I also looked up the Royal Canadian Pacific, which will be offering public tours once they decide COVID is over. No prices being quoted yet, but some other stuff on the web suggests that a 4 day trip will be running $8,000.

It certainly makes the $400 Baltimore-Chicago trip I booked on the Lake Shore Limited look like a real bargain, even if I do have to eat Flex Meals. And that price includes business class from Baltimore to New York and a 2 hour layover at the new Metropolitan Lounge at the Moynihan Train Hall in New York.
Here's another one:

Belmond Hotels, Trains, River Cruises - Discover Belmond Luxury Travel - Journey

It's an Amsterdam-Venice one night trip. Two lunches, a dinner, and continental breakfast included. £2,835 That's a bit over $4,000 at current rates of exchange.

But at least you won't have to worry about being served Flex meals.
 
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MARC Rider

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The more I think about it, there's some sort of perverse disconnect between "yield management" and the alleged "law" of supply and demand. For a product like railroad transportation, which has high fixed overhead costs, the more passengers you stuff into the train, the less the expense per passenger for running the train. Also, when the train is relatively empty, the on-board experience is better because (1) the train isn't crowded, and (2) the staff has fewer other passengers to deal with, so they can pay more attention to your needs. If you're riding in coach, an empty train means that you won't have to endure a seatmate, you can always get a window seat and a seat in the lounge. From this point of view, the fares should be higher when the train is empty, and a discount applied for full trains. :) Yet the yield management software prices things in the exact opposite. I'm not sure whether a reversal of yield management algorithms would provide better financial results, especially when the trains are not running full. Or perhaps it might be better to do away with yield management entirely?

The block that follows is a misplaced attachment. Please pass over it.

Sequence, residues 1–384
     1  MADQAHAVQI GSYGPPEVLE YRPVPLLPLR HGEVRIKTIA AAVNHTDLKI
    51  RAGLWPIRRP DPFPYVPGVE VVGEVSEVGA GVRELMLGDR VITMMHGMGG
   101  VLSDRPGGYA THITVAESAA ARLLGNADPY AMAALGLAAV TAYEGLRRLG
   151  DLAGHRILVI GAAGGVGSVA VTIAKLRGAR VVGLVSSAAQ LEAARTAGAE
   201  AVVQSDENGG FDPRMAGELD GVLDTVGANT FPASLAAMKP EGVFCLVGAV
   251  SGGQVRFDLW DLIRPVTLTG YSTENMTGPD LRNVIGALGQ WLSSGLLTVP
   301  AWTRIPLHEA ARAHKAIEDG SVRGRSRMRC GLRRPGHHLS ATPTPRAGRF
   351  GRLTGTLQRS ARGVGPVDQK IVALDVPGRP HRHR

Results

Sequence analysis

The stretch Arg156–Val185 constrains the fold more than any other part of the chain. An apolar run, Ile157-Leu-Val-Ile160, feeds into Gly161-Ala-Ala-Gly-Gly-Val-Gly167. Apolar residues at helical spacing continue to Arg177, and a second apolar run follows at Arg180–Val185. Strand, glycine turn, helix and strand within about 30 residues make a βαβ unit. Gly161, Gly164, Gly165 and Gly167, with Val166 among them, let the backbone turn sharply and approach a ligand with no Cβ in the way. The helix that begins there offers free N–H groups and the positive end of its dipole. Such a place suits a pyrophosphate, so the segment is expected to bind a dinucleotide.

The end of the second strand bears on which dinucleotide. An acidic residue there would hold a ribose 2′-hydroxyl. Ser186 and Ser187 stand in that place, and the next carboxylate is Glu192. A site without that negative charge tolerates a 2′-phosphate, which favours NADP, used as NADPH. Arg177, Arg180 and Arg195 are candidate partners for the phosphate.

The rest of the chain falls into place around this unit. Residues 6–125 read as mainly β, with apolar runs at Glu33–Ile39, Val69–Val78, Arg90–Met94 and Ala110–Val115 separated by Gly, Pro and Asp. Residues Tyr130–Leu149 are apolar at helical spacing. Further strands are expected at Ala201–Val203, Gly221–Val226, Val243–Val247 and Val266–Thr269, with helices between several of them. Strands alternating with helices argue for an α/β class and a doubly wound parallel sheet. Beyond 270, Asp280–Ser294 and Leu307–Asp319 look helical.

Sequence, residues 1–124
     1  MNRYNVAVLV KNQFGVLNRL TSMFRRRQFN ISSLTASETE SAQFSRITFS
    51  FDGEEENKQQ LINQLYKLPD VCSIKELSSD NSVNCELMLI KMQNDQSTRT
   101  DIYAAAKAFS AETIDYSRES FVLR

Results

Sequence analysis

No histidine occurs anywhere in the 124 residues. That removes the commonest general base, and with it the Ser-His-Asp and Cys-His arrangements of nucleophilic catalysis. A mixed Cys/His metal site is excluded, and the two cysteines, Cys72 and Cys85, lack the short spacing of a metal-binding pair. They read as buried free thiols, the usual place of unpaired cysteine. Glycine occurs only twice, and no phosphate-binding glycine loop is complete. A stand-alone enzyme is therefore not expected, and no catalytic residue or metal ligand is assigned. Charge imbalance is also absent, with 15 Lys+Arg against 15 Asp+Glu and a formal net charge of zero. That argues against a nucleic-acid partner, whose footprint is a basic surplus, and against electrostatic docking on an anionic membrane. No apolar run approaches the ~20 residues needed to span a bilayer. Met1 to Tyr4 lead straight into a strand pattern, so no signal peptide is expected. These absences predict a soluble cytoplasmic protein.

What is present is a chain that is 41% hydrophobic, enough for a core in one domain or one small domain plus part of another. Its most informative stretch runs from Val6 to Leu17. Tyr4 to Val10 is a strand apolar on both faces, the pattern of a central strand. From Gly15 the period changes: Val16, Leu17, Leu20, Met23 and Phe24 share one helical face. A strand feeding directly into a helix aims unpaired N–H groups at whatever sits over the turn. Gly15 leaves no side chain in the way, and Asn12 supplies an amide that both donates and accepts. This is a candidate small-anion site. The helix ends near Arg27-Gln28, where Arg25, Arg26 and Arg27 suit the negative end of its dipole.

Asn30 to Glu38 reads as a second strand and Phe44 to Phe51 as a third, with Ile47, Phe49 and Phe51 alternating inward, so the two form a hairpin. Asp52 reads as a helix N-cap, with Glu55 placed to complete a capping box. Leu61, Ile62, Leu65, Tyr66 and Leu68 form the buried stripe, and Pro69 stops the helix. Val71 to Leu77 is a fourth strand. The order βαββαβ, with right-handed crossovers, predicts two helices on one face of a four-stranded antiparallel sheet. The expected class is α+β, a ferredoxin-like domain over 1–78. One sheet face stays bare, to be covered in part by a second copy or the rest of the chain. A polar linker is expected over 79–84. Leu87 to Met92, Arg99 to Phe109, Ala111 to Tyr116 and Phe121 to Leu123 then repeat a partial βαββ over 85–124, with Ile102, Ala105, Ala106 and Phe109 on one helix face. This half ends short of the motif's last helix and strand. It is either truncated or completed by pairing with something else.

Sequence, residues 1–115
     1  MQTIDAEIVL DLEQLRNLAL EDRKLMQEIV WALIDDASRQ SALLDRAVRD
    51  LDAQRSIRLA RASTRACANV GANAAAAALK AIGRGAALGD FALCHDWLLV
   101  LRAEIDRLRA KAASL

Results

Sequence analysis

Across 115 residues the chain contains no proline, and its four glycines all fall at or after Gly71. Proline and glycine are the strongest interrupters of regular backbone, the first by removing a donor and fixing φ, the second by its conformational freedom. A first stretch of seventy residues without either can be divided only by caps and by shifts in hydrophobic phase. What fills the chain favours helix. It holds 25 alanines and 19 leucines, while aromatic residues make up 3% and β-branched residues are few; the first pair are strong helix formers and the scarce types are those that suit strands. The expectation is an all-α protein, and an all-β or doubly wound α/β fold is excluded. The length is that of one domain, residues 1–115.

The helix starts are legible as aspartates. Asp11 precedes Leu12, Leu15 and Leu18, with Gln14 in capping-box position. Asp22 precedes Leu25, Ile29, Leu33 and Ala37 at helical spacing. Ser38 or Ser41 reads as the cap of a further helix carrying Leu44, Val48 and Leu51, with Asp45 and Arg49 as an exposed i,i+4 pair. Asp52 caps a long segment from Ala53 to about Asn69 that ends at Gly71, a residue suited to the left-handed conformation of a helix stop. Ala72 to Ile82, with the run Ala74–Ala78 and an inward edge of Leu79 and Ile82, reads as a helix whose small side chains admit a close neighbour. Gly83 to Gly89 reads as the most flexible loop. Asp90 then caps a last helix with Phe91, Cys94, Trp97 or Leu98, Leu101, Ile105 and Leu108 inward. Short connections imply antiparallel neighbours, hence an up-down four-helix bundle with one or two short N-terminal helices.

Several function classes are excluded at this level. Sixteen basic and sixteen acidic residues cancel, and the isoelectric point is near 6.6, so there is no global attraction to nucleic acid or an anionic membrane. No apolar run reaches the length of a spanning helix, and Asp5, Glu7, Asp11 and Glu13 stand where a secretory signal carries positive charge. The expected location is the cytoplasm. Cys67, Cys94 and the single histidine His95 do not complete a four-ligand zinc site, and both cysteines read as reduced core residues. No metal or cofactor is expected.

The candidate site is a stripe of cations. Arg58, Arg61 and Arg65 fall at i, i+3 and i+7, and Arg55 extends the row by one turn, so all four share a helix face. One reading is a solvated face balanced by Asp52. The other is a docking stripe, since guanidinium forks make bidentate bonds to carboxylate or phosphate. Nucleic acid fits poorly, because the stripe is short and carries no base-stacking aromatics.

One thing about the underlying assumptions of the discipline of economics is that all of the players in a free market are making rational decisions that provide them with maximum monetary benefit. This is obviously not the case in reality, perhaps to the extent that the discipline of economics really doesn't have much to teach us. :)